A new survey shows that open-source projects are abandoning copyleft licensing, VMware acquires the network analytics startup Nyansa, and IBM actually increased revenue. Rich Stroffolino and Tom Hollingsworth are talking about these and more on the Gestalt IT Rundown, your source for the IT news of the week.
This week on the Rundown:
Google Cloud announced a partnership with Airtel, India’s third largest telecom operator, which will offer G Suite to small and medium business as part of the telco’s service portfolio. Airtel serves over 325 million people in India, including 500,000 small and medium businesses. Microsoft announced a similar deal with India’s largest telco, Reliance Jio, back in August. Third place telecom, third place public cloud.
Google announced it was update the support offered through its Chrome OS Automatic Update program for education, now offering 8 years of updates for devices launching in 2020. This does come at a price, Google did raise the Chrome Education update price, a one-time fee to unlock fleet management, 24/7 support, and commercial features, from $30 to $38. Is this Google trying to pad their education lead, or feeling the need to hit the gas as competition heats up?
IBM, a for-profit company, saw revenue grow for the first time in 5 quarters. The company reported revenue of $21.77 billion, up 0.04% on the year. I guess they shook out the couch cushions. Red Hat revenue continued to grow, up 24% on the year, helping its Cloud and Cognitive Software BU grow 9% to $7.24 billion in revenue. IBM Systems revenue, aka mainframes, was up 16% to $2.84 billion, with z-series revenue up 60%. People want that sweet z15 magic. All other business units were down on the year. Not a lot of people thought buying Red Hat was a bad move, but seems to be helping their bottom line pretty quickly.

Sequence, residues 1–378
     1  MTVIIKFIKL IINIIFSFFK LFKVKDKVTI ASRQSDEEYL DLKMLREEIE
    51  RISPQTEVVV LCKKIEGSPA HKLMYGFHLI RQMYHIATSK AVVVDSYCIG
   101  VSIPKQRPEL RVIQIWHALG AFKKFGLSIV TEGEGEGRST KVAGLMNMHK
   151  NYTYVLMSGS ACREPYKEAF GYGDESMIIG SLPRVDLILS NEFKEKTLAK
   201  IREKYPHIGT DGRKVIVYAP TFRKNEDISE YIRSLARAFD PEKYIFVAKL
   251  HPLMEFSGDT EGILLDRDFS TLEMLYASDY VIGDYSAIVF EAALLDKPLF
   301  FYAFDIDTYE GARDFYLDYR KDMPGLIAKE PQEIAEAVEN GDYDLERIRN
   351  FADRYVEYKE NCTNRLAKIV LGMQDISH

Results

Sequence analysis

VMware announced it plans to buy the network analytics startup Nyansa. The plan is to integrate Nyansa’s Voyance analytics platform into VMware SD-WAN by VeloCloud, meaning they get the Tech Field Day presenter trifecta. VMware is getting some interesting pure play analytics here, but what most interests me is if they will expand the crowd sourced nature of Nyansa’s platform. They had a feature that would let you compare your network performance to others with a similar configuration, giving you relative metrics to go along with raw numbers. Is this larger dataset part of a larger trend here Tom? I’m thinking also of what HPE got with InfoSight from Nimble Storage .
A new report from Whitesouce shows an increasing shift in open-source licensings habits. It found that in 2019 33% of software in their dataset used so-called copyleft licenses, like GPL derivatives, that allow developers to use code freely, but require providing the same licenses with any newly developed versions or forks from that code. Meanwhile 67% of software used permissive licenses like MIT or Apache 2.0, which allow users to use the code, but not require deerivates to be so licensed as well. Compare that to 2012, when 59% of software in the dataset were under copyleft licenses. The top ten open sourced projects are managed by Facebook, Google, and Microsoft, is this just a reflection that open source is pervasive within business?
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